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(detailed below under option 1). An even larger majority favored SSA's conducting a national demonstration in order to make the expanded incentives available as quickly as possible. Most of these experts also supported seeking legislation to make the incentives permanent--ideally without any llmoratoriumB1 on the incentives between completion of the demonstration and implementation of permanent provisions. They said that demonstration results should be helpful in establishing the value of such legislation. Recognizing that it may take more time to obtain legislation than would be possible to devote to a demonstration, most of these same experts also favored some kind of 11grandfathering4t arrangement so that earnings would not cause demonstration participants to lose benefits when the project ended. One expert commented that, without grandfathering, the demonstration cannot truly test the incentive value of the prospect of retaining the incentives. Time limits for approval of self-support plans. One of -- --the experts said that,-~~?%~often,- SSA field offices do not make timely decisions on plans for achieving self-support which are submitted for approval. The result can be inordinate delays in eligibility. All of the experts taking a position on work incentives agreed that there should be a 30-day time limit for such decisions and that, lacking a decision, the proposed plan should be deemed approved; i.e., resultant payments, which should begin at once based on application of the plan exclusions, would not become overpayments if the plan were subsequently disapproved. State rules and Federal lldisabilityll definitions. A ------ ------------rnajorityof~~~-e~~~~expressed concern over, and supported correction of, two technical problem areas involving other programs. One of these problem areas was national while the other was limited to certain States. The areas were: (a) loss of social insurance disability benefits due to work which also prevents initial SSI eligibility, despite having little or no income; and (b) lack of State supplementation or Medicaid eligibility for persons who are, or are considered to be, SSI-eligible under section 1619(a) or (b). All of the experts who expressed a view on work incentives said that efforts to work should be encouraged as much as possible. A majority of them concluded that there was a need for changes in the rules governing interprogram relationships to permit initial SSI eligibility despite performance of substantial gainful activity and to provide Medicaid and State supplementation to eligibles under section 1619.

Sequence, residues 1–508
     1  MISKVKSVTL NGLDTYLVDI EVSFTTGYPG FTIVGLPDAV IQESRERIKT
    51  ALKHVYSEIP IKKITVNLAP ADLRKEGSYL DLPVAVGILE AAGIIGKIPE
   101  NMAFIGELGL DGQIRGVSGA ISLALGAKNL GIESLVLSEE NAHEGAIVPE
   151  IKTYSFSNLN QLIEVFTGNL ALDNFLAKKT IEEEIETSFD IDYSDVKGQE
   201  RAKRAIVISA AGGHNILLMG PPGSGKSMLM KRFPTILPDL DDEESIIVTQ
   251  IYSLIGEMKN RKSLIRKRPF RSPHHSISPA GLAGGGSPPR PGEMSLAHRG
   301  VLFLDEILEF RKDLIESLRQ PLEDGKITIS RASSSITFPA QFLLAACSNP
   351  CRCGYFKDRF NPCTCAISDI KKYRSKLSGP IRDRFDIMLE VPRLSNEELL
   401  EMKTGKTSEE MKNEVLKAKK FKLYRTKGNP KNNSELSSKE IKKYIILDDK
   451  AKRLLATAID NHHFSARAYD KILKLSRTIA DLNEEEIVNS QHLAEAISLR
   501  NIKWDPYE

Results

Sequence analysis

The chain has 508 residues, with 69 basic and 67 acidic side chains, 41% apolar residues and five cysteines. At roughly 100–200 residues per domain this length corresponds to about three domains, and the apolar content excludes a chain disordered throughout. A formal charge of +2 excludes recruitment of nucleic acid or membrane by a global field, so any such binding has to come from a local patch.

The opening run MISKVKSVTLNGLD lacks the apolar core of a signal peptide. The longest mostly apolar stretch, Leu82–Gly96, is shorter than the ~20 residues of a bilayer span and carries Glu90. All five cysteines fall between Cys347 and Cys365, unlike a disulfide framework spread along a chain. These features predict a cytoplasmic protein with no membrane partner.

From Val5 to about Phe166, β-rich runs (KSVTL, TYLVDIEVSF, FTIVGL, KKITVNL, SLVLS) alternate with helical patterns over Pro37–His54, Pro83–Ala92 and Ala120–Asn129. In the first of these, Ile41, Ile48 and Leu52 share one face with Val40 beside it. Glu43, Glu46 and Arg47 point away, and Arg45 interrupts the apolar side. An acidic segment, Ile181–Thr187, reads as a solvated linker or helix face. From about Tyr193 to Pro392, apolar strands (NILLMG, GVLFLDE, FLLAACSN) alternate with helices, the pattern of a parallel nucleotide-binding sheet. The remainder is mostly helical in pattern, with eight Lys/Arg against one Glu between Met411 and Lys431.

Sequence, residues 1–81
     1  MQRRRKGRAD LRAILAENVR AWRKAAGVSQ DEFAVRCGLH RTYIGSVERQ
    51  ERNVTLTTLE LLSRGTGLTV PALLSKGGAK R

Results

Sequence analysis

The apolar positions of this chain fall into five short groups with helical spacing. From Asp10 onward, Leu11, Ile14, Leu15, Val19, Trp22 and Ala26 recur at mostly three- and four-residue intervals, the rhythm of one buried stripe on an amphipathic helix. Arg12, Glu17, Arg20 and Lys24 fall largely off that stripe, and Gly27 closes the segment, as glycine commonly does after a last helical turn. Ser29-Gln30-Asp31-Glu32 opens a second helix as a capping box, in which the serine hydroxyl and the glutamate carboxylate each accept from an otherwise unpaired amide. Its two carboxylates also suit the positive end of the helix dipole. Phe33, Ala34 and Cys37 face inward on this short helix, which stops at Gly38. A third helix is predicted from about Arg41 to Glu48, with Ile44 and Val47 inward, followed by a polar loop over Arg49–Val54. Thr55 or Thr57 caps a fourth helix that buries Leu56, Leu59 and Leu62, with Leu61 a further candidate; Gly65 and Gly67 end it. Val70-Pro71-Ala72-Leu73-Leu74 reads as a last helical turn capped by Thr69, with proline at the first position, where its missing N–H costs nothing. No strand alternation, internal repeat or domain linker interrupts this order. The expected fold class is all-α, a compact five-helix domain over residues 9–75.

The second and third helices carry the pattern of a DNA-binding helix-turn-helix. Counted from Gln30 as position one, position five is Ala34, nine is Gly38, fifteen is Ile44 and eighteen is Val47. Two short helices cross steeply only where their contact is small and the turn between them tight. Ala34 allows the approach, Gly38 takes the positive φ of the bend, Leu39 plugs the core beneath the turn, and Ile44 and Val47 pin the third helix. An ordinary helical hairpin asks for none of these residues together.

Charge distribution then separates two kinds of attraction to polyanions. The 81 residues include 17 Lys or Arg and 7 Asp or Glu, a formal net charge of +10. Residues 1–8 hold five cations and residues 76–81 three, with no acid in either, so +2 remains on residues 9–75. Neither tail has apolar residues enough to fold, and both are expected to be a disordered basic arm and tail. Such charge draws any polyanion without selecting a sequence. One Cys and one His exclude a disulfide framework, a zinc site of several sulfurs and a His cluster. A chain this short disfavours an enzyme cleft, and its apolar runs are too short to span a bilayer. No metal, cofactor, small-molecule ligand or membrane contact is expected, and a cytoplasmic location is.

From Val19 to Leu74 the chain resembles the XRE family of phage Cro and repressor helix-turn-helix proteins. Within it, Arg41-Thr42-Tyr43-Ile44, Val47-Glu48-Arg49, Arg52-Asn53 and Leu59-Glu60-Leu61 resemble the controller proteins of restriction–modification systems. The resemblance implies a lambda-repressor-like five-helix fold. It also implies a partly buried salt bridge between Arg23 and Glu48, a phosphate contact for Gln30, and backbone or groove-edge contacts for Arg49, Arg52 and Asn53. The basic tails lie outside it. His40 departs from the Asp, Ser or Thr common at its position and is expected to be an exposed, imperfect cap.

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Nonselected options. The experts considered, but did not support, the idea of establishing a work attempt period during which all of an individual's earnings would be excluded. It was their view that recipients who work should recognize the effect of that work and earnings on their benefits. There was also discussion of allowing a working recipient to put some earnings in an excluded "independence account" which could be used only for specified purchases, such as a home or a vehicle. Two experts supported this idea but the others who took a position said that it was not necessary in light of the options for increasing the resource limits (see Chapter III).
Recapitulation of Experts t Opinions on Work Incentives:

Option 1. Begin at once to seek legislation, where needed, to authorize permanently all of the following work incentives: a. Raise the earned income exclusion from $65 to $200 and reduce the SSI benefit by $1 for every $3 (instead of the current $1 for every $2) of earned income over $200. The increased exclusion amount would be intended to compensate the recipient for his/her work expenses. Therefore, this exclusion would replace all of the existing earned income exclusions except for the student earned income exclusion and plans for achieving self-support. Individuals whose actual work expenses are more than the amount of earnings excluded (i.e., more than $200 plus twothirds of the remaining income) could have an individual exclusion computed which would consider the person's actual work expenses. All work-related expenses would be excluded, regardless of whether they are disability related, similar to the current blind work expense exclusion, and this exclusion would be available to all working SSI recipients.

Experts Supporting